By Jim Schutze
By Rachel Watts
By Lauren Drewes Daniels
By Anna Merlan
By Lee Escobedo
By Alice Laussade
By Scott Reitz
This is a call
The press biography Capitol Records sent out accompanying the Foo Fighters' debut two months ago wasn't a typical band bio - no glib hyperbole ("The greatest album ever"), no gushing praise, no discography; rather, it was a nine page autobiography written by band members Dave Grohl, William Goldsmith, Nate Mendel, and ex-Germs and Nirvana guitarist Pat Smear. Filled with childhood musical memories ("I was told to take [guitar] lessons because everyone was sick of hearing 'Smoke on the Water,' " Grohl recalls) and band history (Goldsmith blames the breakup of his and Mendel's Sunny Day Real Estate on a member's conversion to Christianity, "a condition unfamiliar with artistic tolerance"), it's a real biography - a get-to-know-your-musicians, introducing guys who for so long sat in the background garnering little acclaim and attention.
Its intentions were to diffuse the unreasonably high expectations placed upon the Foo Fighters' debut and help the nation's rock critics understand Grohl had a past that predated his joining Nirvana, and that he was more than just a guy looking to feast upon a corpse. "After Kurt's death, I was about as confused as I've ever been," he admits in the bio. "To continue almost seemed in vain. I was always going to be 'that guy from Kurt Cobain's band,' and I knew that." Grohl's role in Nirvana was as important as Cobain's - the Nirvana of pre-Grohl Bleach, so thin and derivative, pales in comparison to the pop blast of Nevermind - and he put so much power into the power trio, but few knew what to make of Grohl as a frontman. Ringo Starr did not set a good example - nor, for that matter, did Phil Collins or Don Henley. So here's a past, a man instead of a shadow.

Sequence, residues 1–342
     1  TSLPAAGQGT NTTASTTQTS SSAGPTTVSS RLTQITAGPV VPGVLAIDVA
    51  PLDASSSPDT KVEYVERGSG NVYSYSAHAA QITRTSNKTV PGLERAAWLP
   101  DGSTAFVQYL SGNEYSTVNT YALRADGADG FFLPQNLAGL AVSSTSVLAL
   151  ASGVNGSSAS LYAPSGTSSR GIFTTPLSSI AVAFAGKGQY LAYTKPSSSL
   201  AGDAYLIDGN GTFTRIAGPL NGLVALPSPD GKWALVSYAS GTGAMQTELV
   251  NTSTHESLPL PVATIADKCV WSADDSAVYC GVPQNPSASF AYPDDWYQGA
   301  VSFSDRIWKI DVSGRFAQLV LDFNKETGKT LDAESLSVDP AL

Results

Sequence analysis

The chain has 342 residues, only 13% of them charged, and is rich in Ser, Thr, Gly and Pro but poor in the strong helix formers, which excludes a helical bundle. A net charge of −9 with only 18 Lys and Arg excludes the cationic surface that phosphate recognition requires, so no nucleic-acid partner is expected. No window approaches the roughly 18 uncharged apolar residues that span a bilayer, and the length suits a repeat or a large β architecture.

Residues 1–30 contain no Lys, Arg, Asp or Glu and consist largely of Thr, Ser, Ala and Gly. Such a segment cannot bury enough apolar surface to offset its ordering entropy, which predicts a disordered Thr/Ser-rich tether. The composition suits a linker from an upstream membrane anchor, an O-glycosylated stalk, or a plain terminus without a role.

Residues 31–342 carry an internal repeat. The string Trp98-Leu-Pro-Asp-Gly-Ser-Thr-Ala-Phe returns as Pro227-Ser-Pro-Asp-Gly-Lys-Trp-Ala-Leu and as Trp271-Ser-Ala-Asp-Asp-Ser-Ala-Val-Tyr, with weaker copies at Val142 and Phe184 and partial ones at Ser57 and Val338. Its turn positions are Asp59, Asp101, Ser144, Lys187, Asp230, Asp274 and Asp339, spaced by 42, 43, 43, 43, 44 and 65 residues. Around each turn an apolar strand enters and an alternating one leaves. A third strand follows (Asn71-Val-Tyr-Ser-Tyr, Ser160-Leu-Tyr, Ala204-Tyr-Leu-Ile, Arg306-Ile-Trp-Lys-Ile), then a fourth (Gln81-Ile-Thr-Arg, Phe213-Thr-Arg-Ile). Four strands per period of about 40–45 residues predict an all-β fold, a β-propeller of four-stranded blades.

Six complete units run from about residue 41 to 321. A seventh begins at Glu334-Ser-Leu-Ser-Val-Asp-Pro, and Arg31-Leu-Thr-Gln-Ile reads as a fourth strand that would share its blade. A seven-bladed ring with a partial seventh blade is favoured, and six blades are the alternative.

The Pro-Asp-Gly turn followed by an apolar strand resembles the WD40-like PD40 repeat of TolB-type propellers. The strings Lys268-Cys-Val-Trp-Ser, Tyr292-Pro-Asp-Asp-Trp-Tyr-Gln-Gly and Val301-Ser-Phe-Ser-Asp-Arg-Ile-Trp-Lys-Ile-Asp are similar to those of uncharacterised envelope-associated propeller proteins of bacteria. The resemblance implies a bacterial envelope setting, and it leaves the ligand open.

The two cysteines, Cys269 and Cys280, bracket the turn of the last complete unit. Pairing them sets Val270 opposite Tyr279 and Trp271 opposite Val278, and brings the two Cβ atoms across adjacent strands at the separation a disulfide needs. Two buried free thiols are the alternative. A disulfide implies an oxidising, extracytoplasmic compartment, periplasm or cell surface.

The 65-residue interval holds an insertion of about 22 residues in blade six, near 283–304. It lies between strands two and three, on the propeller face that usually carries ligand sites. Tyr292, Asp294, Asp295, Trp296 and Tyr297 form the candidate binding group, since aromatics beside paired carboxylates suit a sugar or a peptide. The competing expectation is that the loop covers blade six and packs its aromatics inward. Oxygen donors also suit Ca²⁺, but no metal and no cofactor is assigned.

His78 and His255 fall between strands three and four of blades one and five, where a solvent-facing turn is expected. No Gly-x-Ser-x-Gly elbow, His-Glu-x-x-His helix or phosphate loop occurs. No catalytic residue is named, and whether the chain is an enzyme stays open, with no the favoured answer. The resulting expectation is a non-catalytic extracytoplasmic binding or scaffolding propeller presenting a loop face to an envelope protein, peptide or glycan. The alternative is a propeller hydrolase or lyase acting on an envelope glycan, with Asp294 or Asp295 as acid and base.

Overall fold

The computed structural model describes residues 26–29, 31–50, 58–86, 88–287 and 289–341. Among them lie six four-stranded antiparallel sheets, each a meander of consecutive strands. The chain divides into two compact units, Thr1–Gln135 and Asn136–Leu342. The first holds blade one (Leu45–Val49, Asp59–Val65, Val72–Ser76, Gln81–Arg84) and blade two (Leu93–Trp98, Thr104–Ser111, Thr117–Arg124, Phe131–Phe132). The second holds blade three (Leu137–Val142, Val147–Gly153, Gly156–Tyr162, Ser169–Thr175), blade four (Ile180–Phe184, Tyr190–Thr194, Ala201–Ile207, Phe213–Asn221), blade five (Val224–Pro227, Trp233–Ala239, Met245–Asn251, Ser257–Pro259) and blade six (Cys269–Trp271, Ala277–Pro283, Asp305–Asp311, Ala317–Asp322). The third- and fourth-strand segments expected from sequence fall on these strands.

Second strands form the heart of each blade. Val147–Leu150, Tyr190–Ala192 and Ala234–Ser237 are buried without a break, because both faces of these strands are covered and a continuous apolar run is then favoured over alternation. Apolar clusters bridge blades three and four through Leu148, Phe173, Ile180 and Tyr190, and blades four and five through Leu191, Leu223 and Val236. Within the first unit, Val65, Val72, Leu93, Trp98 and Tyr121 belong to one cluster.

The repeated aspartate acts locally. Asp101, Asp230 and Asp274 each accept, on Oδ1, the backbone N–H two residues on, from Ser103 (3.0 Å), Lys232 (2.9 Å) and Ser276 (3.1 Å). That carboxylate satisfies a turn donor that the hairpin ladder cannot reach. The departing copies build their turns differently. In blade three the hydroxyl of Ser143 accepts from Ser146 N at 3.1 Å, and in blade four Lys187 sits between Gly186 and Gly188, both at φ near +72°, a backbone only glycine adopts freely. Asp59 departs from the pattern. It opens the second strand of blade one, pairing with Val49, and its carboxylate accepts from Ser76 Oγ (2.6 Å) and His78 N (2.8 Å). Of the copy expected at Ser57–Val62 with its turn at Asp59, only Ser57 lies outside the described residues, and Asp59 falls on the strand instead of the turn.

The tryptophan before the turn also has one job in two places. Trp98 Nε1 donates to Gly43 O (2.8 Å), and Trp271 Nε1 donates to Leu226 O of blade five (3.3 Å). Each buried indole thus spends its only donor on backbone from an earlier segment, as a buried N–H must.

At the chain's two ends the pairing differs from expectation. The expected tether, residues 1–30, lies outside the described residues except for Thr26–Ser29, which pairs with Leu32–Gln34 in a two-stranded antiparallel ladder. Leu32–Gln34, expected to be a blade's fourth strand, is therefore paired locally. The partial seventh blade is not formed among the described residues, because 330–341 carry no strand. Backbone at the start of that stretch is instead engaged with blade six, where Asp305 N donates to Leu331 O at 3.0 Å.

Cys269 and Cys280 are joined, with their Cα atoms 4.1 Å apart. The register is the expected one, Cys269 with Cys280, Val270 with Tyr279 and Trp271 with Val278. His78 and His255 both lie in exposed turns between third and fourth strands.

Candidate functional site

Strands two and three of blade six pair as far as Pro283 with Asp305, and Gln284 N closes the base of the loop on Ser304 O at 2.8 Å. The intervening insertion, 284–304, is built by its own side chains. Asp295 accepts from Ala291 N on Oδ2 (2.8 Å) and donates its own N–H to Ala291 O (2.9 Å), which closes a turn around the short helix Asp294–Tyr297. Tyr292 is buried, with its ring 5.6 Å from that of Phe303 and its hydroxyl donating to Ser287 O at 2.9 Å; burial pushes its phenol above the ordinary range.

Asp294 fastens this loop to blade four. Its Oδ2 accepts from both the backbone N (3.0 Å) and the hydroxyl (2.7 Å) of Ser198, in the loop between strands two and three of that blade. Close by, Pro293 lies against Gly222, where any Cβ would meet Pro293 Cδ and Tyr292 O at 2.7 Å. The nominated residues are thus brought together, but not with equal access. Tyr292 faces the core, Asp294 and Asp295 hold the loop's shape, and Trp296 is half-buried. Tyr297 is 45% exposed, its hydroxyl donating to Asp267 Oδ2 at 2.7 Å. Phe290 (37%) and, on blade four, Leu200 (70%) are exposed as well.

That Foo Fighters is an extraordinary record has much to do with Nirvana's punk-as-pop legacy but little to do with the ghost of Cobain that seems to hover over the project like late summer ozone. It's powerful on its own -not as a side project, not as homage, not as descendant, but as a singular entity. To hear "This is a Call" on the radio between so much Pearl Jam and Hootie and the Blowfish and Tripping Daisy is to be thrilled by the punk-rock land mines placed carefully and unexpectedly between the catchy, harmonized verses; and it's to hear a great single that's disconnected from the Nirvana or Germs or Sunny Day Real Estate family tree but still clings tenuously to a nearby branch. Granted, Foo Fighters does indeed have much to live up to - themselves, a good band instead of an old memory.
Foo Fighters perform September 12 at Deep Ellum Live.
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